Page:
Have you sold your home and cried? I did twice this year.
When the garage door came down on my last day at my home of 18 years, I sat in my car and sobbed as so many memories ran through my mind.
It was where I lived with my late husband Stu for almost a dozen years until his death and then was home to my daughter Elizabeth and my grandchildren for seven years.
Stu had died in March and my daughter’s husband suddenly died in May, so it was great comfort and joy to have her little family move from Texas to my home in New York.
One of the sweetest memories I will cherish is granddaughter Addy, an early riser, dancing and somersaulting endlessly in the early morning hours. I had to remove the carpet and push the furniture aside to give her more room! Her beautiful smile always warmed my heart.
Another sweet memory was seeing the kids off to school on their first day. I cried as Elizabeth and I waved good bye and took pictures to remember the moment. Each day, I would say, “Good bye. I love you. Have a great day!” I miss those moments.
Then the pandemic hit and everything changed. My family moved out and I decided it was time to downsize and sell the house.
The journey of sifting through the collections of the years began, but it wasn’t just my years of accumulation — but also Stu’s and his children, too!
I found his graduation diploma from Jamaica High School and his certificate from his medical school from over 50 years ago. What do you do with these? I couldn’t bear throwing them out!
Then there were collections of Stu’s daughter Eve’s jewelry making parts, as well as multiple wedding and family photo albums. I think the hardest part of the move was going through a lifetime of memories, both sweet and bittersweet. But where do you store memories?
After buying Dan’s Papers in the East End, my co-op, Westhampton House on Dune Road, wouldn’t work as my full-time home any longer, since it is closed during the winter.
The building is designed like a half-moon facing the ocean and was my weekend getaway. I adored its location on the ocean and I always felt rejuvenated by the ocean views. Walking down the steps to the ocean made it even more magical and always put a smile on my face.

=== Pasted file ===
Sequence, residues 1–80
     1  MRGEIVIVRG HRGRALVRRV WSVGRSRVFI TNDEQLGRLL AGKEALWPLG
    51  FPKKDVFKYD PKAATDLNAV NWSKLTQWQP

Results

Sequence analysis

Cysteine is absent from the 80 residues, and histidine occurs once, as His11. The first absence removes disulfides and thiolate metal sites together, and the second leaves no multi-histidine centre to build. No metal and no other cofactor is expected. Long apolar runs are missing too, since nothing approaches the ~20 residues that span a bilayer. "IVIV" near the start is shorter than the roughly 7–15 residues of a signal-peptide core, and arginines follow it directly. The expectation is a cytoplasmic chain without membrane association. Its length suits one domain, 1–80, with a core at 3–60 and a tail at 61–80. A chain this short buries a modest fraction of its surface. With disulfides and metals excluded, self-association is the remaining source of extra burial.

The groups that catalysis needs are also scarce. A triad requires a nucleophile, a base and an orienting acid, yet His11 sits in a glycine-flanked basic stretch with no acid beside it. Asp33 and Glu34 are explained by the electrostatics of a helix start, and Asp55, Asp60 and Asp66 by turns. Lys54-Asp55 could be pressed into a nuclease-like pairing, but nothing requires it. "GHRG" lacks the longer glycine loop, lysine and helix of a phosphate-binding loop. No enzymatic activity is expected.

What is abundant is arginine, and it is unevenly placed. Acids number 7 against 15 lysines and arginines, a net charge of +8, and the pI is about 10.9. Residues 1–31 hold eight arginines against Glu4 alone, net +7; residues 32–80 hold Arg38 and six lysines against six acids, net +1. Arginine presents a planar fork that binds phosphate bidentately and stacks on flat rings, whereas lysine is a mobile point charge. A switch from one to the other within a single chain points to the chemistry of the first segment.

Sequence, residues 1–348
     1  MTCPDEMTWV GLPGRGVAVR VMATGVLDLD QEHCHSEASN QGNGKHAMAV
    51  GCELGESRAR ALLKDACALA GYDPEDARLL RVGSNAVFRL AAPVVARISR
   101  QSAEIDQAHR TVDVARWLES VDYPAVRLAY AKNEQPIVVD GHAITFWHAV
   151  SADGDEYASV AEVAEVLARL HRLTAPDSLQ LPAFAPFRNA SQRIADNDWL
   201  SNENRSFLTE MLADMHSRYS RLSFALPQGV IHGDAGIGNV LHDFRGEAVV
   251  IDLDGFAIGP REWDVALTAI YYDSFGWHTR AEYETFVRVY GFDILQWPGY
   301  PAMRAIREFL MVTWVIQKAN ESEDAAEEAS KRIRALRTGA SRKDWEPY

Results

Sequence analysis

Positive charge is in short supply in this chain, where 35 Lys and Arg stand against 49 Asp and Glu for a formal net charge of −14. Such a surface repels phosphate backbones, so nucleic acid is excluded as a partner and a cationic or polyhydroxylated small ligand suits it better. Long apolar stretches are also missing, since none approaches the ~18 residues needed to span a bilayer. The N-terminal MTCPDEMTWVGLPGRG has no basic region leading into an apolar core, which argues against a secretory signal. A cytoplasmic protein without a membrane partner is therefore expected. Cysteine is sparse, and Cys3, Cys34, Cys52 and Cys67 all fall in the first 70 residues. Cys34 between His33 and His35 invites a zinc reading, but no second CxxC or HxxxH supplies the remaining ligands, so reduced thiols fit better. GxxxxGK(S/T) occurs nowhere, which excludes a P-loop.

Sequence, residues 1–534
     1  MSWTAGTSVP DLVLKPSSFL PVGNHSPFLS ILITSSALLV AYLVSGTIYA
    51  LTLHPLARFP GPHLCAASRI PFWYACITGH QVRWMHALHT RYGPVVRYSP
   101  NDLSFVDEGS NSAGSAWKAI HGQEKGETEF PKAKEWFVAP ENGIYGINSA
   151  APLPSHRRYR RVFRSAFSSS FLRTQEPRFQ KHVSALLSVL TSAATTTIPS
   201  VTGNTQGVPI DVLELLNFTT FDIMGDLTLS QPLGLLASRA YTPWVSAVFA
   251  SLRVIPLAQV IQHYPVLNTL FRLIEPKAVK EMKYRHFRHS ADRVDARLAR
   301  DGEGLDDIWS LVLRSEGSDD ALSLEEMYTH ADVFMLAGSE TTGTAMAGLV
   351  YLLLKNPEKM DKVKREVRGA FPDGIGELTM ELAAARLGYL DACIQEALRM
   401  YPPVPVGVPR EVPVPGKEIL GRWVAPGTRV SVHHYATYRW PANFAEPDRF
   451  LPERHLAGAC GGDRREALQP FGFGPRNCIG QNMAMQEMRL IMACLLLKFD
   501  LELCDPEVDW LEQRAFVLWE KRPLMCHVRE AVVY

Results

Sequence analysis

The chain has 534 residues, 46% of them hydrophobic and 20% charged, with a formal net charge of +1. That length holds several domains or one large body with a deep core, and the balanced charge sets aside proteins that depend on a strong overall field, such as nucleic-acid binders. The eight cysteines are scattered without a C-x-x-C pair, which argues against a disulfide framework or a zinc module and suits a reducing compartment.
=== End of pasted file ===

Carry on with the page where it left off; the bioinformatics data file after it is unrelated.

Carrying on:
But as I’ve learned “everything has its time,” and my time there was needed to end. When I left the lawyer’s office after the closing to my next-door neighbor, I just cried.
I loved the homes I’ve had and all the memories they held. It was not easy giving them up, but life is about change and I’m learning to go with it.
Kentucky Derby fun
It’s good to have friends and when Todd Shapiro suggested it would be fun for Dan’s Papers to hold a Kentucky Derby party, I immediately said yes.
Hosted by Zach Erdem, owner of 75 Main and the beautifully restored Blu Mar Hamptons in Southampton, we cheered on my friend Brendan O’Brian’s horse Hidden Stash out of the gate at 6:57 p.m., with the crowd transfixed on the race. What a way to launch the summer season!
Greek Easter celebration
Being a curious person, I was fascinated by how the Greeks, like the Jews, have a week of celebration and prayer.
I was invited to the Dormition of the Virgin Mary Greek Orthodox Church of the Hamptons for a sacred midnight candle-lighting service.
At 11 p.m., I sat with my colleague Stephanie Bitis near Dr. Peter Michalos and Lisa Liberatore as the lights went dark in the sanctuary. Father Alexander Karloutsos and Rev. Father Constantine Lazarakis, in their luxurious red and gold silk robes, lit the first candle, which was then passed to each person until everyone in the congregation held a long-stemmed cupped candle. With candles in hand, we left the sanctuary to pray in the courtyard. Church bells rang and the voices of everyone praying was a cherished moment in time.
I was told it would bring good luck if I took the lit candle into my home and carefully placed it between my console and the passenger seat. By 1 a.m., we were both safely home.
A sweet end to an extraordinary week!